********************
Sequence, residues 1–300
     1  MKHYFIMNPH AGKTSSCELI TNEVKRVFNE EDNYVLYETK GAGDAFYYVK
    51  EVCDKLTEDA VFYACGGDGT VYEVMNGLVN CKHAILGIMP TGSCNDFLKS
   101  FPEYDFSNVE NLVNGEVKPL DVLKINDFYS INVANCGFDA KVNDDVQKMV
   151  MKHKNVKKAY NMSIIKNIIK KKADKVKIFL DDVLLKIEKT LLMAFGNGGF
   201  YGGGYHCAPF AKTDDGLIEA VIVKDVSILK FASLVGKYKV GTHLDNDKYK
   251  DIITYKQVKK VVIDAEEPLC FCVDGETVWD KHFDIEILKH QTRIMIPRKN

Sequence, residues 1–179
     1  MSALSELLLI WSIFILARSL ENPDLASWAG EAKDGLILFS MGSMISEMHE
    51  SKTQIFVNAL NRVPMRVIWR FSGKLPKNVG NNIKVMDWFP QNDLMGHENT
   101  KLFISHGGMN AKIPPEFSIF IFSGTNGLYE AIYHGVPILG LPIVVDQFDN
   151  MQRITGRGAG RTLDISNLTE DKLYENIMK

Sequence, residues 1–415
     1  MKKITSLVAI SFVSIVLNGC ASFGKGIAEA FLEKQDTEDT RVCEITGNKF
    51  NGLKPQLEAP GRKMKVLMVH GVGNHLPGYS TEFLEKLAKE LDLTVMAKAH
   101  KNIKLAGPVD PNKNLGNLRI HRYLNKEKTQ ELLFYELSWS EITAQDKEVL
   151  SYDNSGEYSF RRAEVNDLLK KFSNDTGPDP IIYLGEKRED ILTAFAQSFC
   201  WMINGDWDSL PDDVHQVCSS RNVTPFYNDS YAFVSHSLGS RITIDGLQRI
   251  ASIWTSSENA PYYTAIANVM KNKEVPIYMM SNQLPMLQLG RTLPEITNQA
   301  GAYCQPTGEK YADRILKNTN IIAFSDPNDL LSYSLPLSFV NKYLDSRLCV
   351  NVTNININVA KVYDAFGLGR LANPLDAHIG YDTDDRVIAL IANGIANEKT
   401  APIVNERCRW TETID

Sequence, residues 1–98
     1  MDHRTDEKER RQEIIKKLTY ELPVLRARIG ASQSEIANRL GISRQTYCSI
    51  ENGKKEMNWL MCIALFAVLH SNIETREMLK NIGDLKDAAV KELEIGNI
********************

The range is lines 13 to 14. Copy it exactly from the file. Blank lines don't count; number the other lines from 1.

Sequence, residues 1–415
     1  MKKITSLVAI SFVSIVLNGC ASFGKGIAEA FLEKQDTEDT RVCEITGNKF